Deciding to propose is a huge step -- and so is buying an engagement ring! No one needs a ring to propose. But if that is part of your plan, you need to consider the practical aspects of your decision.
Yes, that means understanding the finances and deciding how much you should spend on an engagement ring. Use these 5 guidelines to help you (and your budget!) feel comfortable with whatever you choose.
1. Discuss Engagement Rings with Your Partner
Engagement rings are not limited to diamond solitaires, and they come at every possible price point. You don't have to follow the old "three months salary" rule to find a ring that suits you and your partner.
It's a symbol of your relationship, so it can be any stone, cut, size and design that you would like. Have a discussion with your fiancée-to-be about what they like, and use that to help guide your shopping decisions.
2. Do Your Homework
Whether your partner wants a diamond, emerald, or pearl ring -- or even a simple gold band -- get a feel for the price variety so you know what to expect. There can be a massive difference in same size stones depending on the cut and clarity, so be aware that if you're looking at one-carat diamonds, you might face price tags with differences in the thousands.
If you opt for a diamond alternative, be aware that many precious stones are much more delicate. You may have to replace them from time to time, so consider that when you're setting a budget.
3. Set an Engagement Ring Budget
Let's say your partner wants a white-gold ring with a diamond solitaire. There are some different factors to consider here when you're setting your budget.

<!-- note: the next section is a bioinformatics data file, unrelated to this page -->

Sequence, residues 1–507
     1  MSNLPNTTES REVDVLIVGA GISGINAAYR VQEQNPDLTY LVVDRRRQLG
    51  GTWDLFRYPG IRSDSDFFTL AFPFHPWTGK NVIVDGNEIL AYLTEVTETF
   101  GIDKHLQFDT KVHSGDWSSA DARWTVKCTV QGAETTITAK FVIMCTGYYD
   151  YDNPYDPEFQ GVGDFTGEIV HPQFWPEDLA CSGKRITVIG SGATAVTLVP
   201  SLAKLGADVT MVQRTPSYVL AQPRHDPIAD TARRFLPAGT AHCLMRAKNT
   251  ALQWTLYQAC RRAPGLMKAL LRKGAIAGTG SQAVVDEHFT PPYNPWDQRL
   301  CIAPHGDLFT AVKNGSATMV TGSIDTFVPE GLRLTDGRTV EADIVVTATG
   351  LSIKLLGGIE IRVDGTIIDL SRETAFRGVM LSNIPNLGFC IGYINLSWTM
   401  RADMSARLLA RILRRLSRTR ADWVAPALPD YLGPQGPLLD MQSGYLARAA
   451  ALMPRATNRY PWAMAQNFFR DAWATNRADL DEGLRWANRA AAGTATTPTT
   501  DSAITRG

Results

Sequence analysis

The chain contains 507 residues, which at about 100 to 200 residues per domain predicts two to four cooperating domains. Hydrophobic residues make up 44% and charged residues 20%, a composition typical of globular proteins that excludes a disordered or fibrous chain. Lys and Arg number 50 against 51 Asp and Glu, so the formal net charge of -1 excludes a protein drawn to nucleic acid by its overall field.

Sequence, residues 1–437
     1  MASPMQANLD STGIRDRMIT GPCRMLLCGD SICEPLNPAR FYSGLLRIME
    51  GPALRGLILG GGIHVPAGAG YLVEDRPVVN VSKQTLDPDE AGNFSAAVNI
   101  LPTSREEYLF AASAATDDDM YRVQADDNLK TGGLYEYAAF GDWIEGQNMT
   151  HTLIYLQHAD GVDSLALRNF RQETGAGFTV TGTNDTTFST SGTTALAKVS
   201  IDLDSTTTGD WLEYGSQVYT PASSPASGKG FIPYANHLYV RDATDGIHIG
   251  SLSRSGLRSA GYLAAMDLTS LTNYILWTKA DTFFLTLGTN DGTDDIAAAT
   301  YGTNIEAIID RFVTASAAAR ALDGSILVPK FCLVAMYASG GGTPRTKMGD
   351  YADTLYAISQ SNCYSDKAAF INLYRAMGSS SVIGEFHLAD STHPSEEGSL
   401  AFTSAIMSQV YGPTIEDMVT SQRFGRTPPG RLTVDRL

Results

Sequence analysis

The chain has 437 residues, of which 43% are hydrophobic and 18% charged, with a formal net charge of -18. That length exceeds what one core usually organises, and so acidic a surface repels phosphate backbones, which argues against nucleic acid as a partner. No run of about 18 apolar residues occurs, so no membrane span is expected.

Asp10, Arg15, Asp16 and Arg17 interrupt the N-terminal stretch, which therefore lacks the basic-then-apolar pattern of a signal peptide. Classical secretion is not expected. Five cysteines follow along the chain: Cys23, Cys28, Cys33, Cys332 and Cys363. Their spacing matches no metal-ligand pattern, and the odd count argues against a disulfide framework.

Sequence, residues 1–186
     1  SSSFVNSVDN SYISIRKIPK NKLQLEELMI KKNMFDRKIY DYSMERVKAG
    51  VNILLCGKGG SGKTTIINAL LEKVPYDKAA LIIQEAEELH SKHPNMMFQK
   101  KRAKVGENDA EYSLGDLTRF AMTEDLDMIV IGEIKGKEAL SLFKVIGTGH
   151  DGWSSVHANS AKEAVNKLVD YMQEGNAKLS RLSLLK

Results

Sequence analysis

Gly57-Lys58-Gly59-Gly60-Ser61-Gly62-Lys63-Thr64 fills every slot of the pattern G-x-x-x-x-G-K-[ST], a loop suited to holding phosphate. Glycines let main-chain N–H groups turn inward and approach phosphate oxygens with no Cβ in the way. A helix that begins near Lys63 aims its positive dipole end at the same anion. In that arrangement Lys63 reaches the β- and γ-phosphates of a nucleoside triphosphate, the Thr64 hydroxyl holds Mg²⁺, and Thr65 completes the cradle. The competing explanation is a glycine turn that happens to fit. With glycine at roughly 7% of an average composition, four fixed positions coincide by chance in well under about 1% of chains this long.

You will save money by opting for a plain band, and you can put that toward a better quality diamond. But if you're set on a more intricate band, you might have to cut down on carat size.
The cost of your overall ring will vary immensely depending on where you go, when you're buying the ring and whether or not you're buying a designer band, so keep all of that in mind when you're figuring out a budget.
If you have your eye on a designer ring that's outside your price range, ask if a local jeweler can find a similar style or create a custom ring at a better deal.
4. Create Your Savings Plan
Once you've picked out the ring, you may be required to put down a deposit. Ask about that ahead of time.
Again, the ring should be something you can reasonably afford, so create a savings plan you can live with. “Reasonably afford” should probably mean avoiding going into any kind of debt to make the purchase.
While you're saving for the ring, you might want to consider the costs of the proposal if you're planning something more expensive than your typical date night. That way you won't feel a serious wallet crunch when the time comes.
5. Remember the Big Picture
This is not the time to worry about impressing other people, and neither is your wedding day. You don't want to kick off a marriage with remaining debt from the celebration or the ring.
Be honest with yourself and your partner about what you can afford. And there is nothing wrong with buying your partner a beautiful ring or spending thousands of dollars on a wedding day -- as long as it's something you can truly afford, and it's what both you and your soon-to-be spouse want.
For that matter, there is also nothing wrong with a simple wedding band and a courthouse wedding.
You get a marriage out of this whole process, so whenever you feel overwhelmed by the price tag of it all, try to remember what's really going to matter in the end. Relax and get excited -- you've found the love of your life, so the hard part is over!
Stick to a savings plan you can afford while ring shopping, and you'll avoid being in the hole when your first wedding deposits roll around.
About the Author: Heather Swick is an author, freelance writer, and editor who has worked for news outlets, national magazines and blogs. She is driven to help others achieve their career and financial goals and share her own experiences along the way.